Having described the invention in general terms, the same will be better understood by referring to the following examples, which are presented to assist one of ordinary skill in the art in making and using the invention. These examples are not intended in any way to limit the scope of the disclosure or the protection granted by Letters Patent hereon.
Numerous experiments have been conducted to optimize the thickness of the conductive zinc layer in various situations. The following table shows the typical resistance change of several silicon/zinc microfuses at various stages:
______________________________________Si/Zn/Si Resistance Resistance ResistanceThickness (25° C.) (250° C.) (400° C.)Å Ω/sq. Ω/sq. Ω/sq.______________________________________50/1K/800 2.73 3.63 3.0 × 10.sup.950/1K/850 2.93 4.55 4.0 × 10.sup.950/2K/700 1.48 7.10 5.6 × 10.sup.950/2K/750.sup.(a) 6.03 7.76 2.0 × 10.sup.650/3K/600.sup.(b) 3.24 6.35 1.4× 10.sup.6______________________________________ Note: Both water (a) and (b) became very resistive after an additional 250° C. bake in wet nitrogen environment. Resistance is in gigaohm regime.
The data shown in FIGS. 2-4 are the Auger data of a disconnected silicon/zinc/silicon microfuse. Auger analysis reveals chemical composition information as a function of depth up to about 20 to 30 angstroms. Using an ion gun, one can sputter the surface layer away, thus exposing a new surface for chemical analysis. By alternatingly analyzing the surface layer and by ion beam sputtering, one can obtain information on the elemental composition of a thin film as a function of its depth. The Auger data in FIGS. 2-4 indicate that zinc oxidation is the mechanism of disconnection. After baking to 400° C., the zinc conductor collects into islands about 3 μm across which are separated by about 6 μm with silicon in between. The zinc becomes oxidized, but the silicon does not. The Auger analysis can also take place over a certain area by rastering the primary electron beam. Thus, an elemental map can be composed of a certain area in the sample, such as the ones shown in FIGS. 2-4.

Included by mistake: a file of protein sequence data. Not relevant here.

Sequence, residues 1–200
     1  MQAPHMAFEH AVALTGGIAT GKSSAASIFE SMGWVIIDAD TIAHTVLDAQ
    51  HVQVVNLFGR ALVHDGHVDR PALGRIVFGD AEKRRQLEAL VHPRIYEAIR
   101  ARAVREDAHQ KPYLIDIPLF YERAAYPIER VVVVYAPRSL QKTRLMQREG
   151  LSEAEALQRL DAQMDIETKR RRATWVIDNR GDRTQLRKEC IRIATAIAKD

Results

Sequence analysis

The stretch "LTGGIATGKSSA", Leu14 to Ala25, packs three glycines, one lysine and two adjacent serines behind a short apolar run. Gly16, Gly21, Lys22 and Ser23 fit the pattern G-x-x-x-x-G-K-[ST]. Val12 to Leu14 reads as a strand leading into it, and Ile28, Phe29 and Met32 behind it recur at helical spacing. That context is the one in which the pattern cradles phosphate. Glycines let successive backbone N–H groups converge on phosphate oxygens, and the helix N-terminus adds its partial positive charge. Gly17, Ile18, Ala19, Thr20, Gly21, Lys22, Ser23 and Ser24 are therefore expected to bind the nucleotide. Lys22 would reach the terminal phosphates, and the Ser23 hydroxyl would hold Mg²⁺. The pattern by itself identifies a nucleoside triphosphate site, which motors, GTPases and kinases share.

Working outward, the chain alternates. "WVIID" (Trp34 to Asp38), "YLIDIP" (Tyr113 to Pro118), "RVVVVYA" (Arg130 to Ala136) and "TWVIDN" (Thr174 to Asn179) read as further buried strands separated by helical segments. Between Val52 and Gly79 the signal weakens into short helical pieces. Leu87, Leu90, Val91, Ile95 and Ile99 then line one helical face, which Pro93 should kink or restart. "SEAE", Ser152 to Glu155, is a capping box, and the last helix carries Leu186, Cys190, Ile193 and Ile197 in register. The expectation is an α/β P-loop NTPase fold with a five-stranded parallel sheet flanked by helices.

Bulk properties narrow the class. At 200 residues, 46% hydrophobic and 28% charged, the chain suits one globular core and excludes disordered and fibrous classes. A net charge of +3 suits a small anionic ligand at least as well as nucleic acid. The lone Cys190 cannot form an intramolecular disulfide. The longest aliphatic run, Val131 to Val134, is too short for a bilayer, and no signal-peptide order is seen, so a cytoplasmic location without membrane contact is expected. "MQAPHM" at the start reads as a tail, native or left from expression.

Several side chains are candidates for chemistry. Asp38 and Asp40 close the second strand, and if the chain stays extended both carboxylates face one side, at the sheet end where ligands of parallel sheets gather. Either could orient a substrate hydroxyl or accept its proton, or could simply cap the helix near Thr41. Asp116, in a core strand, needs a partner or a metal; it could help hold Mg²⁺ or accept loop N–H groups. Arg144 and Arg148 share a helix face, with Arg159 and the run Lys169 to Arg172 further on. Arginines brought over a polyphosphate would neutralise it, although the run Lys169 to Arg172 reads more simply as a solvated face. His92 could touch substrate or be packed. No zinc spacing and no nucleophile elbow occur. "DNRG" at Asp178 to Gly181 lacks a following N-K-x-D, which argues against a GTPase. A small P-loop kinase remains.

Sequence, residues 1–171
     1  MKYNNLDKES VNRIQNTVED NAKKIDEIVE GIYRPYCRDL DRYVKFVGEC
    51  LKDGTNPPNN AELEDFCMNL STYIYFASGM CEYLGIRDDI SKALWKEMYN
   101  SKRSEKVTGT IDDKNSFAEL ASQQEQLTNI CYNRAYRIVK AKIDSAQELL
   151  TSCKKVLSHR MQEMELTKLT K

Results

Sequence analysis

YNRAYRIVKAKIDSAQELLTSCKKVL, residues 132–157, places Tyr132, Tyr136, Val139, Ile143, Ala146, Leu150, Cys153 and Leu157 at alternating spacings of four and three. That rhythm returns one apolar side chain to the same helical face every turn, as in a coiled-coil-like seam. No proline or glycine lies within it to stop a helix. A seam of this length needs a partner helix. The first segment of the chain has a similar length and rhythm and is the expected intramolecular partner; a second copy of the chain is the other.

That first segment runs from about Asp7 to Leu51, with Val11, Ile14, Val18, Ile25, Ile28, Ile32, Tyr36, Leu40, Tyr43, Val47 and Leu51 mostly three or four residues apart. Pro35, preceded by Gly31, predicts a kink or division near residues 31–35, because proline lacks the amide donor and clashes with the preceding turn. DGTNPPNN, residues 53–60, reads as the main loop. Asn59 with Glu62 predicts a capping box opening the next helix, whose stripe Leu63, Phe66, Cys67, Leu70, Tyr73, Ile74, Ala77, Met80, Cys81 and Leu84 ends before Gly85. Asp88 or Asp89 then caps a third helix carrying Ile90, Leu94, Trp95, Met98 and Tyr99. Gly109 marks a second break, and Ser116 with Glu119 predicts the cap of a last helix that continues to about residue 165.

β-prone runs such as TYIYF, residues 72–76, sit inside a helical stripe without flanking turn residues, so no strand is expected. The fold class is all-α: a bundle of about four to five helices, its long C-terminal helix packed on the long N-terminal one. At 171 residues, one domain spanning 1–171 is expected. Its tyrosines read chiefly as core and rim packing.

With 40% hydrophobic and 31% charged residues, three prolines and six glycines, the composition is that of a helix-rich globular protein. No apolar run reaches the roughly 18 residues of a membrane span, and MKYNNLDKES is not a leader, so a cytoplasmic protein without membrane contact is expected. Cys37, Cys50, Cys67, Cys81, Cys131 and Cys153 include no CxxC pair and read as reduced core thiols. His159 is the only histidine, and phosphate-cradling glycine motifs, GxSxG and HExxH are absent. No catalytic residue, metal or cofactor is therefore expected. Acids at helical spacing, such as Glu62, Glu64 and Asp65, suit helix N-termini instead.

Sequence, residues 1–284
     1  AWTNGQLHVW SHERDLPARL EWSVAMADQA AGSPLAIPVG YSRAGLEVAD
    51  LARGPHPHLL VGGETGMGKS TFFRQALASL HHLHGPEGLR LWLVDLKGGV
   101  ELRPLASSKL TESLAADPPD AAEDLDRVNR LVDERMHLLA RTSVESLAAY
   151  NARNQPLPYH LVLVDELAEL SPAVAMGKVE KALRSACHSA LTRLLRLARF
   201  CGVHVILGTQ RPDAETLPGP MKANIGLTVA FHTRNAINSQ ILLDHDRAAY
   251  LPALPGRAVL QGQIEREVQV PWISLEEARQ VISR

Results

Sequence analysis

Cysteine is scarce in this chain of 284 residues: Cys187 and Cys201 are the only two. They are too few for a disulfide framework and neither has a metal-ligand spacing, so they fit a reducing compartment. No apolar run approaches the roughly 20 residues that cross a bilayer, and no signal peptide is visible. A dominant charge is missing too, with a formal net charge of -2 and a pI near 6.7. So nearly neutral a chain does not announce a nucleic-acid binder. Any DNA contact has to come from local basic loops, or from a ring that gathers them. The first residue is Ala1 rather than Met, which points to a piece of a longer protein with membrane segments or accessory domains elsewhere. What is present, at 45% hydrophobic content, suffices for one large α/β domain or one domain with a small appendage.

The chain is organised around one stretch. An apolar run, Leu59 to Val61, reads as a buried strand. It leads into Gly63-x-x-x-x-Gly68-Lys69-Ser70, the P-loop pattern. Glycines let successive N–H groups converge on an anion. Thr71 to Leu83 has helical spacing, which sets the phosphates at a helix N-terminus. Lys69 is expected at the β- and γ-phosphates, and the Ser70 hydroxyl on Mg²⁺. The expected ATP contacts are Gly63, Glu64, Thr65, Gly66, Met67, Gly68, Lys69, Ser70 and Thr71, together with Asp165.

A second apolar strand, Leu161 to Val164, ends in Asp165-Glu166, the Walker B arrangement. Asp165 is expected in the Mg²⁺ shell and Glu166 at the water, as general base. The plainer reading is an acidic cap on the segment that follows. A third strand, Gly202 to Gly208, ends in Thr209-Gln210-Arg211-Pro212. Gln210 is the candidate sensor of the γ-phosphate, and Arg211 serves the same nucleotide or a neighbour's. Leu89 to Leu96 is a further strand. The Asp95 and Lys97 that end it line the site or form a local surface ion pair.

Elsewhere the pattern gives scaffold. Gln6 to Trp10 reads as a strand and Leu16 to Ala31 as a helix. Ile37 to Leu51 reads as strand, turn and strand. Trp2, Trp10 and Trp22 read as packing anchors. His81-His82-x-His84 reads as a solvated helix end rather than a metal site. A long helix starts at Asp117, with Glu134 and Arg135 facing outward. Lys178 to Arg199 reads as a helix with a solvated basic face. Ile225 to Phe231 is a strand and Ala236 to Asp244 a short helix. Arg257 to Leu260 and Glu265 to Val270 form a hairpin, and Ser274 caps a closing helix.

The above-described silicon/zinc system is very flexible; each individual layer thickness can be tailored to fit different situations. Thus, the possible step coverage problem is eliminated in this material system.
FIGS. 5 and 6 show Auger elemental depth profiles of a Si/Zn/Si microfuse as deposited (FIG. 5) and after baking at 400° C. to cause disconnection (FIG. 6).
While the present invention has been described in relation to various embodiments, including the preferred embodiments and parameters, after reading the foregoing specification, one of ordinary skill in the art will be able to effect various changes, substitutions of equivalents, and other alterations without departing from the broad concepts disclosed herein. It is therefore intended that the scope of Letters Patent granted hereon will be limited only by the definition contained in the appended claims and equivalents thereof.
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|U.S. Classification||205/118, 257/E23.149, 205/183|
|Cooperative Classification||H01L23/5256, H01L2924/0002|
|Apr 10, 1991||AS||Assignment|
Owner name: BOEING COMPANY, THE, SEATTLE, WA A DE CORP., WASHI
Free format text: ASSIGNMENT OF ASSIGNORS INTEREST.;ASSIGNORS:TANIELIAN, MINAS H.;CHIEN, CHUNG-PING;REEL/FRAME:005671/0694
Effective date: 19910408
|Sep 26, 1995||FPAY||Fee payment|
Year of fee payment: 4
|Oct 6, 1999||FPAY||Fee payment|
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|Oct 7, 2003||FPAY||Fee payment|
Year of fee payment: 12